In three days, on March 17, my beloved Dash (the bay) will turn 8 years old.  I've been blessed to get to share her first eight years with her, which I missed with Sandy.  But the result has been much the same:  I have a horse entering the prime of her life, who is trustworthy and dependable, who loves to go for a ride, and amazingly, who can be ridden in a halter and lead rope.  I don't even need her to grab a bit for me when I bridle her.  I often ride her with just the bareback pad, too, but I'm not yet as secure on her as I was on Sandy.

I don't know if I'll have 23 more years with Dash; with horses, anything can happen.  I never expected to lose Dutch at age 9, just in the prime of HIS life.  But I hope Dash will be the last horse I ride before toddling off to my nursing home.  She's beautiful, and friendly, and has a sense of humor, and will go anywhere and do anything I ask her to do.  And I love riding her so much.  Poor Dawn is often neglected because, as wonderful as she also is, I just plain prefer Dash.  She was my first foal, and came to me at a time in my life (I'd just been laid off and was about to move to Arizona) when I had time to work with her, and play with her, and develop a bond even stronger than the one I had with Sandy.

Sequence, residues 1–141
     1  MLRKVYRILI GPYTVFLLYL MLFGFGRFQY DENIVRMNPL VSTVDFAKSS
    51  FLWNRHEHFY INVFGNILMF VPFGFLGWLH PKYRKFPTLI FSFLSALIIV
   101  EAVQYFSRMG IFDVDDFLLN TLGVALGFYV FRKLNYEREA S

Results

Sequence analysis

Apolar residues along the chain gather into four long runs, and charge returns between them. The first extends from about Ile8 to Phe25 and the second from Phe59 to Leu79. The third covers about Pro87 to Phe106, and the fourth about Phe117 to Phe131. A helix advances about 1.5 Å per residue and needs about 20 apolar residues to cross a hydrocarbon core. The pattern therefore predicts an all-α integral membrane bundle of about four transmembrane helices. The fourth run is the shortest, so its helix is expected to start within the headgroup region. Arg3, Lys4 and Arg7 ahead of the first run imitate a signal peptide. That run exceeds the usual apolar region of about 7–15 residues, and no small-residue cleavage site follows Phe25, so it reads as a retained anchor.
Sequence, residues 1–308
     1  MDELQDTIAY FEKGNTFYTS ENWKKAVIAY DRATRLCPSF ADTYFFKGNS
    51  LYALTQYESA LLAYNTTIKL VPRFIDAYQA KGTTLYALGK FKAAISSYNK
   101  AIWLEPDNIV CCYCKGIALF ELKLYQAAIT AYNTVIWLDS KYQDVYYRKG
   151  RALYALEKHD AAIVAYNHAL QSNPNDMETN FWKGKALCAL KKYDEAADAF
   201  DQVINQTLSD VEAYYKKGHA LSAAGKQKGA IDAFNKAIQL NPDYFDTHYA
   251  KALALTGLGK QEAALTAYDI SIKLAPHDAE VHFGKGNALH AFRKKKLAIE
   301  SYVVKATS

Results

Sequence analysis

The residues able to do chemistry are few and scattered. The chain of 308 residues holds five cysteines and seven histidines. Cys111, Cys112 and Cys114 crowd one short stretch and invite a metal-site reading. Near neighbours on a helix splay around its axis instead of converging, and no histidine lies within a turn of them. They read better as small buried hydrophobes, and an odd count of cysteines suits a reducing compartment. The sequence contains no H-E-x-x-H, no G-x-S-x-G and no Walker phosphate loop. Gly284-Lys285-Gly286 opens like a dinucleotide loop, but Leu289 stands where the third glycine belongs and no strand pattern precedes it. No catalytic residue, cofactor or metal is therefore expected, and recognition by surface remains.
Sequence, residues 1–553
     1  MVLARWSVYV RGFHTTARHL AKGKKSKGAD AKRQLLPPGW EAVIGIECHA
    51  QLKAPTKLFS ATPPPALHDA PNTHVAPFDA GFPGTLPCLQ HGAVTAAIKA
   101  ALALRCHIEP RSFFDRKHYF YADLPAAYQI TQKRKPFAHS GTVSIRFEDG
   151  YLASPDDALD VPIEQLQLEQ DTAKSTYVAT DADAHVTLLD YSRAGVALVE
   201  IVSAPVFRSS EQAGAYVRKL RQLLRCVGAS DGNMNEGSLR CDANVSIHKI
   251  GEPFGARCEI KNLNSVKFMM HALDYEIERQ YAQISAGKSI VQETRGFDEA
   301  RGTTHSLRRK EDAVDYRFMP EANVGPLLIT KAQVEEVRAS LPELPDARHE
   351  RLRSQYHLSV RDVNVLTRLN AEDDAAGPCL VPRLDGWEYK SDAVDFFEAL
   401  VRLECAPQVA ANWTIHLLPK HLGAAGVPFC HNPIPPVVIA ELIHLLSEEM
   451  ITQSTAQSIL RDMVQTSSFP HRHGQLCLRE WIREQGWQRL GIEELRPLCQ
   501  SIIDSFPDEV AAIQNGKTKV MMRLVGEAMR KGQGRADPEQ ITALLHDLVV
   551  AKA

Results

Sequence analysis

So the age of eight is a bit of a milestone for me because now Dash is the age Sandy was, so I can now compare the things I did with Sandy to the things I will do with Dash.  Will I find history repeating itself?  Not likely.  I was 21 when Sandy was 8 and I'm about to turn 57 right after Dash turns 8.